This report details the benefits of adding steel fibers to portland cement concrete mixes for use in the Pennsylvania Department of Transportation. The Department used steel fiber reinforced concrete (SFRC) for two bridge deck overlay projects in the early 1970s. These bridge decks have performed well with only minor deterioration for the last 20 years. The department has not used SFRC recently due to problems with fiber balling and bleeding of the mixes during construction in the 1970s and due to the high cost of SFRC during the 1970s with unrealized benefits. However, after a 20 year service life of the SFRC overlays was experienced and successful recent applications of SFRC overlays in other states, the Department began to reevaluate SFRC. This report details the effects in the plastic and hardened state of adding steel fibers to cement concrete mixes based on a current literature search. Generally steel fibers decrease the slump, slightly increase the mix times, and affect the workability of standard concrete mixes containing steel fibers. In the hardened state, steel fibers increase concrete's ductility, energy absorption capacity, ultimate strain capacity, ultimate flexural strength, post crack load carrying capacity, fatigue strength and failure toughness. In addition, the random orientation of the steel fiber reinforcement arrests cracking, crack propagation, and spalling. A draft specification for SFRC has been developed in this report based on the long term and recent performance of SFRC in the Pennsylvania DOT, Pennsylvania Turnpike Commission, Louisiana DOT, Ohio DOT and the Iowa DOT.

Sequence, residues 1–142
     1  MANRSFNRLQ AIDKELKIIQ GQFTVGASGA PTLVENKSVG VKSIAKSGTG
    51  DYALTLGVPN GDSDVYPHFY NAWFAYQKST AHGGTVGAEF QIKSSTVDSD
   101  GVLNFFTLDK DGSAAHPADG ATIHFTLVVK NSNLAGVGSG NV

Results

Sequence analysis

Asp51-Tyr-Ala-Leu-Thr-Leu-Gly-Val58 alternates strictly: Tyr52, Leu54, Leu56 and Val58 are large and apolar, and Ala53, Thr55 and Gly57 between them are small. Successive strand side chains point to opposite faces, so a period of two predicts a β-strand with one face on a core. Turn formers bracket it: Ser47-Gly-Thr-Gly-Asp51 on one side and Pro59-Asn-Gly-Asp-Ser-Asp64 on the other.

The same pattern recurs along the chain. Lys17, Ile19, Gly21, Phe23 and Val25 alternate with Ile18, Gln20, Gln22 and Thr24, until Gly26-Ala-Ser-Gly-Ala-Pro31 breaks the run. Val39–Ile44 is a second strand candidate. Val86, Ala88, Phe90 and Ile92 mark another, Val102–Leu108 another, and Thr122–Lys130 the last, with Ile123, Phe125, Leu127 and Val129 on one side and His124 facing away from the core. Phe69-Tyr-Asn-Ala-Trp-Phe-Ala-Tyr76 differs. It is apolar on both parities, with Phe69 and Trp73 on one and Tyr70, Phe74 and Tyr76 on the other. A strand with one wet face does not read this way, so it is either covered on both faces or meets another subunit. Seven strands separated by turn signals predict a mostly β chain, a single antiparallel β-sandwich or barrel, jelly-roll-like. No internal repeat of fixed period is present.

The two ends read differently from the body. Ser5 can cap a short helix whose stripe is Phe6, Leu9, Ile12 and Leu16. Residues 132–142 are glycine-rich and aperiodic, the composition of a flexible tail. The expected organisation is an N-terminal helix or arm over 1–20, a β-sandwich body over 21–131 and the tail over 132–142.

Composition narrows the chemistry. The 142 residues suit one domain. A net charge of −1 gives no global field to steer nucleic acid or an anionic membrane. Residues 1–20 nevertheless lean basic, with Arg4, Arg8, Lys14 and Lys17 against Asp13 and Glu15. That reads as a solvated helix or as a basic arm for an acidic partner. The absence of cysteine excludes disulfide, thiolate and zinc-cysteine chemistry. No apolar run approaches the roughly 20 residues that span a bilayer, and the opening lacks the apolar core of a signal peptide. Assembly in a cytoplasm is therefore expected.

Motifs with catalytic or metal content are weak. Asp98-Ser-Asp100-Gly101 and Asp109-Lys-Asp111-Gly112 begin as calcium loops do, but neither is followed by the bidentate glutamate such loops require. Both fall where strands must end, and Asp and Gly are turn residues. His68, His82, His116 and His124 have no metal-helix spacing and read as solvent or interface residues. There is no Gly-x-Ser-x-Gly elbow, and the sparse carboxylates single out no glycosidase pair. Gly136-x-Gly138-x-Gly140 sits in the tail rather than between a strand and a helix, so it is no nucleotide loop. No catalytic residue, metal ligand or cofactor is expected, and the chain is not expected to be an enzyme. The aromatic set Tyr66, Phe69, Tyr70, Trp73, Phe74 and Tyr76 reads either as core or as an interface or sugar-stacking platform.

• Corporate Authors:

    Pennsylvania Department of Transportation

    Bureau of Construction and Materials, 1118 State Street, P.O. Box 2926
    Harrisburg, PA  United States  17105-2926
  • Authors:
    • Ramirez, T L
  • Publication Date: 1994-2


  • English

Media Info

  • Features: Appendices; Figures; Photos; References; Tables;
  • Pagination: 46 p.

Subject/Index Terms

Filing Info

  • Accession Number: 00664431
  • Record Type: Publication
  • Report/Paper Numbers: PA-93-002+91-59, Res Proj No. 91-059
  • Created Date: Aug 31 1994 12:00AM